7. You convince the customer that you know exactly what he wants.

Then added opponents of software development start attacking from multiple directions and before you know it, something creepy and weird happens: Everyone Panics.

MAD, the board game begins with the same practical, pragmatic advice that Douglas Adams had picked for his famous book, The Hitchhiker's Guide to the Galaxy:


As far as software development is concerned panic contributes as much to the failure of the projects as much as any other factor.

Chad Myer Provides added insight into why every project usually goes into panic mode:

There is a point in every project - well, every project I've ever been a part of in one shape or another - where panic starts. I'm not quite sure what starts it every time, but the ones that I do know of have all been about money and 'burn rate' and I'm willing to bet that all of them (even the ones that were not made known to me) are about that. The point of Agile, in my opinion, is to allow visibility and more frequent opportunity for decision points for the stakeholder for just these types of moments.  The appropriate response, when this moment of panic is about to ensue is for everyone, especially the stakeholder, to put on their big boy pants and start making the hard decisions about what to cut.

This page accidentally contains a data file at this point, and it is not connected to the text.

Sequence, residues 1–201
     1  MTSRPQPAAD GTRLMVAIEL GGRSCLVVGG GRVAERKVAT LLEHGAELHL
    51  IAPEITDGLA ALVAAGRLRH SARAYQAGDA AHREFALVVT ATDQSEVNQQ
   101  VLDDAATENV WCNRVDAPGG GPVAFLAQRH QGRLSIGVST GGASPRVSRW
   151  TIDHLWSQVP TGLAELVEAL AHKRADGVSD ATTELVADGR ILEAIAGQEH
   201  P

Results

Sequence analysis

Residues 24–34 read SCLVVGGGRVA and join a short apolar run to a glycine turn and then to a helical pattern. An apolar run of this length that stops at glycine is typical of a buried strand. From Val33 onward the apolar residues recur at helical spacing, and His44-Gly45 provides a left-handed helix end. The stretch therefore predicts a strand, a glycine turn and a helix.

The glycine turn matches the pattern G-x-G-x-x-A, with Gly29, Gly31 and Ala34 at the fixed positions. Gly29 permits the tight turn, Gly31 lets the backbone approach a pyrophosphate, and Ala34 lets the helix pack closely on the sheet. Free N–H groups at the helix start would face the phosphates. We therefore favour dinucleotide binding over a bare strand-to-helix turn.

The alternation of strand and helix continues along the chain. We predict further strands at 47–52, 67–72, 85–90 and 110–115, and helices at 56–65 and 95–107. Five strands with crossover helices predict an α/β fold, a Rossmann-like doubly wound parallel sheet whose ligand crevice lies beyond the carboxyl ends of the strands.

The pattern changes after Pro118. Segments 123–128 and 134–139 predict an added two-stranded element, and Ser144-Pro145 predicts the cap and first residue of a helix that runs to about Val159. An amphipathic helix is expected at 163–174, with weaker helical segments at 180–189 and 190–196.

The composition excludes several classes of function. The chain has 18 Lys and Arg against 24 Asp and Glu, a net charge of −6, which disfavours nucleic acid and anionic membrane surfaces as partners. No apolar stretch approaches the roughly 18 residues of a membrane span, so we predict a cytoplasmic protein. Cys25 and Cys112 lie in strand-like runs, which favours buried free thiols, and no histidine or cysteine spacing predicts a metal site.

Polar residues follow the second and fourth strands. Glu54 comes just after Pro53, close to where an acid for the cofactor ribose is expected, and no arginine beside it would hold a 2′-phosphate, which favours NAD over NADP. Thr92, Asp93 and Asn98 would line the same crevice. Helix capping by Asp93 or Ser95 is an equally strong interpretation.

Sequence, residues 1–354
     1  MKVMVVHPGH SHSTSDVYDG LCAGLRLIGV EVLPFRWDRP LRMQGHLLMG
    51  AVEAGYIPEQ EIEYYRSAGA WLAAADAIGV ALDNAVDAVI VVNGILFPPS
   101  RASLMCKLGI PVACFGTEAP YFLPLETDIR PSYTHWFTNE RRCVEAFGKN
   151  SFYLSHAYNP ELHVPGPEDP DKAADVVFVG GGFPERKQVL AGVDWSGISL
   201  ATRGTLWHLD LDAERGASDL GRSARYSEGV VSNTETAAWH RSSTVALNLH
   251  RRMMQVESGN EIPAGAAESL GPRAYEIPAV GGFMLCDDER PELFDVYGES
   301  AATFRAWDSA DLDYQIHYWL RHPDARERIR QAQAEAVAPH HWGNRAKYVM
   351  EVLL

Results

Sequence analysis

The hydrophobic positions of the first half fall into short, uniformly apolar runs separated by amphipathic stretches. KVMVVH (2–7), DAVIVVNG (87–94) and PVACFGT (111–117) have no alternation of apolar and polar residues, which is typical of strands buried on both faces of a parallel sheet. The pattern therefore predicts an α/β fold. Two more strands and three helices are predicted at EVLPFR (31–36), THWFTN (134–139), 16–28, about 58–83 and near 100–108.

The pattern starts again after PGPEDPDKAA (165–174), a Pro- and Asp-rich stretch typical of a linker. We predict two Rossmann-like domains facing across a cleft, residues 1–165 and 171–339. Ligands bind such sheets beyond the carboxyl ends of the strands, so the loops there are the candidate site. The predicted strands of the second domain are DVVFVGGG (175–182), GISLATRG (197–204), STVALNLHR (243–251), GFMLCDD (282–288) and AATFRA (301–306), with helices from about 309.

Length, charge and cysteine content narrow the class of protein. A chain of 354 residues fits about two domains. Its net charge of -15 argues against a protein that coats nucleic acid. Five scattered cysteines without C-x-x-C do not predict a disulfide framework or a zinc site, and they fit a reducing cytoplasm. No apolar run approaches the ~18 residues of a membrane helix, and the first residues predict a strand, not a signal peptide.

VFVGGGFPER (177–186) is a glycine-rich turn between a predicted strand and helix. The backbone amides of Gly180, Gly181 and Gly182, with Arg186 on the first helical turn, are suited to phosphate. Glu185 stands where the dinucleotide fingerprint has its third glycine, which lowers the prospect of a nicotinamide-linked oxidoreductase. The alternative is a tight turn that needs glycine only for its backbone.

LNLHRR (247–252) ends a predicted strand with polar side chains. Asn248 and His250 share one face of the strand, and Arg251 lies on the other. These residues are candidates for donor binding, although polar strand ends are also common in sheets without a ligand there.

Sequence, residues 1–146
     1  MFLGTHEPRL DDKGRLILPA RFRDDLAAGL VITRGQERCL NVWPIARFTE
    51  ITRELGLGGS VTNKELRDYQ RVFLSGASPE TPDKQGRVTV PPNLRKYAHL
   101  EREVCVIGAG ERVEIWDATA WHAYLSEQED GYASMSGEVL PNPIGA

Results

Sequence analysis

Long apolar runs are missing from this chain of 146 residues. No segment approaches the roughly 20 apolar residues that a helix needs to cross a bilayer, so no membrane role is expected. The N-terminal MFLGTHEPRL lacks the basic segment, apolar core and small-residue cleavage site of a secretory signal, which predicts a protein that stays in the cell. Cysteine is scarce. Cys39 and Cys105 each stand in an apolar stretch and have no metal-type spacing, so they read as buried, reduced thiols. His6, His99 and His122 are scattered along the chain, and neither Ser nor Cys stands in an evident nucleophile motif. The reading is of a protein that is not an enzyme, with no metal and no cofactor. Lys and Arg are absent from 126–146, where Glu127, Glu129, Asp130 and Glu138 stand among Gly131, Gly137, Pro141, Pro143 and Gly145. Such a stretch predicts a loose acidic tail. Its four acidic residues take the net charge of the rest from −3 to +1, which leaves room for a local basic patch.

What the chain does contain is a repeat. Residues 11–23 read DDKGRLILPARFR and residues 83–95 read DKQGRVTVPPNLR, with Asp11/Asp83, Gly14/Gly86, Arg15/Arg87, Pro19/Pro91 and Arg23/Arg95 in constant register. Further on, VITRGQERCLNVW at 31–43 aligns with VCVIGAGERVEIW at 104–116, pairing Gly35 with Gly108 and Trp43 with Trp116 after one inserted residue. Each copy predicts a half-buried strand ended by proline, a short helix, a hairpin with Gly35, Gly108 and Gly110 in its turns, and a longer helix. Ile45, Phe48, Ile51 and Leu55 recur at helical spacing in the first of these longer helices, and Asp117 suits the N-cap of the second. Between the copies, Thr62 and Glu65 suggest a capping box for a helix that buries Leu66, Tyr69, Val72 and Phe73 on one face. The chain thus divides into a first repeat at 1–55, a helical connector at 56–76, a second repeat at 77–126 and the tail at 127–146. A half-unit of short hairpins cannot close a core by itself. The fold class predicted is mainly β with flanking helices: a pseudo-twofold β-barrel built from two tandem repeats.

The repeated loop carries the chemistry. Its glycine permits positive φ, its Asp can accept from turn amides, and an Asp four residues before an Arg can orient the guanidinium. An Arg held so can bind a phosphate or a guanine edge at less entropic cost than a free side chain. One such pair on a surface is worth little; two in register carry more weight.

The inappropriate response - oh there are many, but they boil down to this - is to start mistrusting the developers and start assuming they're lazy SOBs who have been cleverly avoiding work throughout the whole project.  Looking back, nearly every single time the panic season started, this was the demeanor the stakeholders took.  Instantly the project went sour, all pace was destroyed, morale tanked, some people went into psycho 100hr/wk work mode to prove the stakeholders wrong, others proved them right by giving up and not doing anything. Ultimately, the project died a rather undignified and flaming death. Failure resulted (or perhaps success didn't happen to the degree to which it needed to happen), the team burned out and most left while the stakeholder was stuck with a failure product and all their critical brain trust gone or demoralized.